Preview: Take to the skies, as endless as they may seem, in Air Conflicts: Vietnam
I'm not a huge fan of flying games. Be it simulator or arcade, they're just not my cup of coffee (I dislike tea). While Air Conflicts: Vietman – the third installment in the Air Conflicts franchise developed by Games Farm – doesn't necessarily change my feelings on the genre, I'll admit I did sit there and enjoy my time playing it.
In Air Conflicts: Vietnam, the franchise moves on to, well, Vietnam obviously. Helicopters are introduced to the franchise for the first time, combined with fast-paced jets and the first targeting systems that were implemented. As young U.S. Air Force pilot Joe Thompson, you'll have the newest planes and helicopters at your disposal. The single-player campaign is linear with some very lite RPG elements. As you progress in the game, you gain levels, allowing you to increase your and your squad's abilities and air combat skills. The first campaign missions serve as a tutorial for maneuvers with both plans and helicopters. You'll learn the ins and outs – from evading and flares to sidewinders – of all the types of vehicles.
During missions, it won't just be Joe Thompson out there. You have a squad of up to three other pilots, each in their own fighter jet or helicopter. There are two ways to utilize your squad: one is to just switch to your other squadron pilots when you run out of ammo from dogfights or missing bombings; the other way is to take out enemies with a squaddie that's better equipped for it, clearing the way for Joe Thompson.
What's good is that you can switch your squad at will, so if one is damaged severely, you don't have to risk getting him blown up. The pilots in your squadron can die, and when that happens you lose them forever. So that pilot you have leveled up most of the game could either get killed in action or go MIA if they get shot down. If they go MIA, at the end of the mission, you'll have a chance to try to find and rescue that pilot. Otherwise, you'll have to replace that experienced pilot with someone fresh.
That's all nice and dandy, but what's going to make or break a game is how it plays and looks. Let's start with the visuals and performance. Since Air Conflicts: Vietnam is a mid-price title, I don't expect the most gorgeous game ever. That's being said, there were some noticeable framerate issues, and you would see trees/environment rendering and popping into view. Explosions don't pack the punch that you'd expect, either.
But the planes themselves look nice. There are more than 20 vehicles, and each one accurately portrays their real-life counterpart. And when you're in the cockpit view, you can really get sucked into the dogfights you'll find yourself in. There is one cinematic view, however, that's just plain awful and doesn't serve a purpose.
As for the gameplay, this is not supposed to be a sim. There's some strategy involved in combat, but it's an arcade action flying game through and through. Planes and helicopters will definitely handle differently. Once you get past the fact that there are some wonky things you can do and that it's not supposed to be the most accurate flying game, it becomes a bit of fun. Targeting can be a little frustrating, but maneuvering is a breeze. Just get past the fact that you can land in rivers and drive around and you'll be golden.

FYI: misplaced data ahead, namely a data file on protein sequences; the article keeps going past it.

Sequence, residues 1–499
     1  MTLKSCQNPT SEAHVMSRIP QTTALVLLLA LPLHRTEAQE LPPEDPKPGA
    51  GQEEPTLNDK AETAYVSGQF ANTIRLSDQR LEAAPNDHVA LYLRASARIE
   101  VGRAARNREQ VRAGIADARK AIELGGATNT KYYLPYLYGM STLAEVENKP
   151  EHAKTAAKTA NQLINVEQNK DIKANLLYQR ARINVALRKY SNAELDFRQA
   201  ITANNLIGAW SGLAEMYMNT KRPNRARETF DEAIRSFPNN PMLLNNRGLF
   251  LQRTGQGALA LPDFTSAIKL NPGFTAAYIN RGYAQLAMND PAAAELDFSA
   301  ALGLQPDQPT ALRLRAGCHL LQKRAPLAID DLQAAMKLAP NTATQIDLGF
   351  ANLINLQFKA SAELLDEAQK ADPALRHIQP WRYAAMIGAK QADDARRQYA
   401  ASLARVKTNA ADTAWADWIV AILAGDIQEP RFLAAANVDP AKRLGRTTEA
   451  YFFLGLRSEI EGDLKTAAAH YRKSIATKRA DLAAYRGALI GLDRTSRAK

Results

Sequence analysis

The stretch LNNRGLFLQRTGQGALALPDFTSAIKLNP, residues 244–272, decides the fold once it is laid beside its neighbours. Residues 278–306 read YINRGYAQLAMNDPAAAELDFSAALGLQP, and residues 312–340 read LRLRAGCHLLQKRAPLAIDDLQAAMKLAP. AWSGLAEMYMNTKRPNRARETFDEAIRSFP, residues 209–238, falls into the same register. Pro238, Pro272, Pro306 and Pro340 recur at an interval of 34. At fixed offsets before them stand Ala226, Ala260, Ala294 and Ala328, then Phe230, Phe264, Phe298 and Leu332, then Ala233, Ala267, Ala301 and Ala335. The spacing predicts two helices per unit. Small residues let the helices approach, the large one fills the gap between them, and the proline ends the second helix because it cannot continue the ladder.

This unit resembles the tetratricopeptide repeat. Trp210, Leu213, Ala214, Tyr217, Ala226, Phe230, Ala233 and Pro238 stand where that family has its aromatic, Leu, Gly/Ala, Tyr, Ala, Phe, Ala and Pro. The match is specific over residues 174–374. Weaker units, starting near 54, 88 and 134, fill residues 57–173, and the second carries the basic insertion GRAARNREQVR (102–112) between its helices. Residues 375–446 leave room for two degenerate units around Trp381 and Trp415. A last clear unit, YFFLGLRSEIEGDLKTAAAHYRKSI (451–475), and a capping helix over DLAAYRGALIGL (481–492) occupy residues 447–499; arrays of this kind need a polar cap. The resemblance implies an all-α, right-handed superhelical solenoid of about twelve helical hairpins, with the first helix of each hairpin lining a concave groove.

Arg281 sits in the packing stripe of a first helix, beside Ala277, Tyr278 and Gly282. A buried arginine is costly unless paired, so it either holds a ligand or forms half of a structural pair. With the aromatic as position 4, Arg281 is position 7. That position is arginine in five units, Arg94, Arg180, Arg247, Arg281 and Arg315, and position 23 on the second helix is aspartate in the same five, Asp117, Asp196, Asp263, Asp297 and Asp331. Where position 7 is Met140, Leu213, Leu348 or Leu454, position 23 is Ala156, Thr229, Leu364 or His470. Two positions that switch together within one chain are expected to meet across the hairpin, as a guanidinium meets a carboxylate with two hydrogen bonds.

While there are Vietnam-inspired tunes that sound like the songs your hear in every Vietnam war movie, they're unlicensed. They capture the sound and spirit, but they're not songs you'll know. That said, they can get stuck in your head. The voice acting, on the other hand, is just bad. But what's more awkward is when the voice actor says “Agent Orange” and the subtitles read “Agent Purple.” I'm assuming they'll get this fixed before the game launches... because I don't know what Agent Purple is. Maybe it has something to do with Prince.
If you feel like just goofing around and fighting, there's Instant Battle mode. Unlike the campaign, where you can only use American aircraft, instant battle lets you use any type of aircraft. You can choose any vehicle – jets, amphibious, attack and utility copters, propeller planes – and set up the scenario you want to battle it out in. Choose a map, the time of day, visibility, the type of enemy you face and how many of them you face. Then modify the hardpoints on your aircraft to give you a fighting chance. It's just a fun way to mess around without having to play the campaign. One note, though: Don't fly upward. While the battlefield has an invisible wall around it, there's no ceiling. You can just keep going infinitely. I found that very odd and hope that's not present in multiplayer.
And that brings us to multiplayer, which will arguably be what this game is bought for. Up to eight players can play online in deathmatch, team deathmatch and capture-the-flag. We didn't get to play the multiplayer firsthand, but I was told capture-the-flag has players making bombing runs. We'll have to wait and see.
Air Conflicts: Vietnam isn't an amazing game, but there's fun to be had. It's a mid-price title, and you can tell, but just playing around with the game for a few hours provided some entertainment – and remember that I really dislike flying games. There's more to see from this game before it releases, and I'm eager to see how the multiplayer is.
Air Conflicts: Vietnam releases October on Xbox 360, PlayStation 3 and PC.